Discover The Largest Bull Shark Ever Caught in Florida

Written by Andrew Wood
Published: January 24, 2023
© Willyam Bradberry/Shutterstock.com
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Bull sharks (Carcharhinus leucas) are a species of shark known for their aggressive behavior. They possess the ability to swim in both saltwater and freshwater environments. The bull shark are in the coastal waters of many countries including the United States, Brazil, South Africa, and Australia. They have been spotted as far as 2,500 miles up the Amazon River and have traveled up the Mississippi River all the way to Illinois! In 2013, two 8-foot long, 300 pound bull sharks were caught in the Potomac River near Point Lookout State Park, about 80 miles southeast of Washington, D.C.

In some countries, including the United States, they are a game fish and sought after with rod and reel from shore, piers, or boats. They are one of the most dangerous shark species to humans. This is due to their proximity to shore and tendency to swim in shallow waters. Bull sharks can be aggressive towards humans. They may have been responsible for the Jersey Shore shark attacks of 1916, which inspired the novel Jaws, by Peter Benchley, and subsequent blockbuster horror film.

Scary stuff . . . but read on to discover the astounding weight of the BIGGEST bull shark ever caught, and learn more about the environmental role of this predator and its future as a species.

Description of the Bull Shark

Bull sharks have a stocky and robust body, with a broad and rounded snout. They are typically gray or gray-brown in color and have a white belly. Bull sharks are opportunistic hunters and feed on a variety of prey, including fish, crustaceans, and mammals. They are able to consume large prey and can bite through the shells of crustaceans and mollusks. Bull sharks are capable of being cannibalistic; that is, eating others of their own species. They give birth to live young, about 2 feet long at birth. In size an adult bull shark averages 7-11.5 feet long and 200-500 pounds.

Bull sharks are often present at shark-feeding events for tourists to observe in the Caribbean. They are also frequently living in large indoor aquariums for public viewing. They do better in captivity than some other species, especially given their adaptability to different saline levels.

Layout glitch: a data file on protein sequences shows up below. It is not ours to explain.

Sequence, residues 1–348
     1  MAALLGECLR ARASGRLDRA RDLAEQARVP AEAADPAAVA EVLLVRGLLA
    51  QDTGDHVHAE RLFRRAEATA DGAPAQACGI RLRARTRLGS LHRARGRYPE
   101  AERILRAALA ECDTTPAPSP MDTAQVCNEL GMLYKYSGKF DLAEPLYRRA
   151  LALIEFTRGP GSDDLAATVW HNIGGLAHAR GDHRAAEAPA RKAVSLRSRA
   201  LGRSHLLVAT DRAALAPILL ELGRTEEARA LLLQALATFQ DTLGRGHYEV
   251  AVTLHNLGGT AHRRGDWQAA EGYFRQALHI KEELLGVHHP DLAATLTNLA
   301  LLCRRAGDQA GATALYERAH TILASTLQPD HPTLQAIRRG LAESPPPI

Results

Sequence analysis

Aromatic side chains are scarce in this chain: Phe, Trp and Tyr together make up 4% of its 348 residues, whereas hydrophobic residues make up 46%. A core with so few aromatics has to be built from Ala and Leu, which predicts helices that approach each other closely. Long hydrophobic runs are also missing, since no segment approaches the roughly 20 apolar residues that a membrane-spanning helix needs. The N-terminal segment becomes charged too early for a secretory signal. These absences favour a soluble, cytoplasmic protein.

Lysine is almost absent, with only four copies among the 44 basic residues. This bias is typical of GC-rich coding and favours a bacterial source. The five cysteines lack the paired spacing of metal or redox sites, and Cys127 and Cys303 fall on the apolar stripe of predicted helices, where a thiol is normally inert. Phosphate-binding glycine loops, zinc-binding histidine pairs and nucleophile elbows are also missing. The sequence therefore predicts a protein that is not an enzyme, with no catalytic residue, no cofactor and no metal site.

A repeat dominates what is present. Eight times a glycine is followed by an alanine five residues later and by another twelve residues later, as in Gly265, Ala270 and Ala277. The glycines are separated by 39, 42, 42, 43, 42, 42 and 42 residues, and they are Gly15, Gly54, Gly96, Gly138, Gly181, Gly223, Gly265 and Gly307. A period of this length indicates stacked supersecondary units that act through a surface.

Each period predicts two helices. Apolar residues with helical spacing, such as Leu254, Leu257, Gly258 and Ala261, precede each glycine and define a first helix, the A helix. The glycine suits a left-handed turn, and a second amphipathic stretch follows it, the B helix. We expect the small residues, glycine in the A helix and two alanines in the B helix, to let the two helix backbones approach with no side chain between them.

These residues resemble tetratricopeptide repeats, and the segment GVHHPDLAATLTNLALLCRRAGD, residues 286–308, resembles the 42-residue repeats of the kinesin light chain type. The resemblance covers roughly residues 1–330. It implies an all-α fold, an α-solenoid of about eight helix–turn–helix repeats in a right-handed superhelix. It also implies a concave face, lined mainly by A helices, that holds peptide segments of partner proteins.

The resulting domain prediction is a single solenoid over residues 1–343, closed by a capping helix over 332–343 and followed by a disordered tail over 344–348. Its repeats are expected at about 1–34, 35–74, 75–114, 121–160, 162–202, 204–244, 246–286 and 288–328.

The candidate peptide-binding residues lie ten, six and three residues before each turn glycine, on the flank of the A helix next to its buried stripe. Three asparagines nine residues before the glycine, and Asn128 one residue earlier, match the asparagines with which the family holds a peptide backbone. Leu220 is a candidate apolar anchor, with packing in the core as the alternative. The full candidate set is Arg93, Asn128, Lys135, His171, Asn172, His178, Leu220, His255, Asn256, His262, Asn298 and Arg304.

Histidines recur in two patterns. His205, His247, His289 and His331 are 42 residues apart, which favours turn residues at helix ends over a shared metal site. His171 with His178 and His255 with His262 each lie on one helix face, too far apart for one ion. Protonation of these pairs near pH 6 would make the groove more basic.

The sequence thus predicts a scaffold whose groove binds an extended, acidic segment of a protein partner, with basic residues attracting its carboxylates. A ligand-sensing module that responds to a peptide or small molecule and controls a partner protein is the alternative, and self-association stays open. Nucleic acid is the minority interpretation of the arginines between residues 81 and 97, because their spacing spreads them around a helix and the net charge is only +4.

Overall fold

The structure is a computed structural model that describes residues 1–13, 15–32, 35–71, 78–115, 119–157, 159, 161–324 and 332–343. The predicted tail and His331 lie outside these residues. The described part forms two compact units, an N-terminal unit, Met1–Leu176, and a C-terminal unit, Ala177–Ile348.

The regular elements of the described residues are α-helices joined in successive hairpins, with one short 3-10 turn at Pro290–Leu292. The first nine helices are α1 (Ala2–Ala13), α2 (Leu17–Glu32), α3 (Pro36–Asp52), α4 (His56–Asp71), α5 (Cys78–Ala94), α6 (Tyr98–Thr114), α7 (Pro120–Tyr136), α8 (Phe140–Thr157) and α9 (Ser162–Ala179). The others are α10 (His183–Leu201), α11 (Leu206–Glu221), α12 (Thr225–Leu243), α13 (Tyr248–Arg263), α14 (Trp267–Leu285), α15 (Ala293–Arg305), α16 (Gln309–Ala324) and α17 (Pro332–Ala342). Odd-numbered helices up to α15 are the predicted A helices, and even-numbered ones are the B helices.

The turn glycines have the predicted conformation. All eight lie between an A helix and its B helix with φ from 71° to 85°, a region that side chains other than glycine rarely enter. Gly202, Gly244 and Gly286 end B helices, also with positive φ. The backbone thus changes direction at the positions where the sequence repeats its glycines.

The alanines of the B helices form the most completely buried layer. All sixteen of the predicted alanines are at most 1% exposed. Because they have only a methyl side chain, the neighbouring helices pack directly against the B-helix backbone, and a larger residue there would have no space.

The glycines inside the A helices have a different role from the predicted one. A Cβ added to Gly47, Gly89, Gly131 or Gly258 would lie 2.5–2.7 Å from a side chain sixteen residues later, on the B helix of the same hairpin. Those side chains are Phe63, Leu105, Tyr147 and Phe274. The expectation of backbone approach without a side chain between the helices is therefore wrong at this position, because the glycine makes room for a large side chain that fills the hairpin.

Bull Shark Attacking
Bull sharks have a stocky and robust body, with a broad and rounded snout.

©Michael Gomes/Shutterstock.com

Largest Bull Shark

The largest bull shark ever caught in the state of Florida far exceeded this weight, at an estimated 1,000 pounds and about 10 feet long. It was captured in 2012 in the Florida Keys by University of Miami researcher Neil Hammerschlag and a colleague. In this species, females tend to be larger than males, so as expected, this record-smashing specimen was a lady. The researchers tagged her and returned her to the wild, where they can continue to track her movements, and her growth.

Internationally, the largest bull shark caught on rod and reel weighed 771 lb. 9 oz. It was caught near Cairns, Australia.

Environmental Role of the Bull Shark

Though bull sharks may seem frightening, they serve an important role in the environment. They are apex predators. They feed on other creatures without also being prey, except to humans. As such, they help keep the populations of fish and other marine species in check. This is especially useful in areas with threats from invasive species. The black carp has invaded the Mississippi River and threatens its ecological balance. Bull sharks are also scavengers, consuming the remains of dead animals in the river. This is a useful cleanup function. Particularly after floods when a higher number of terrestrial animals being swept into river systems.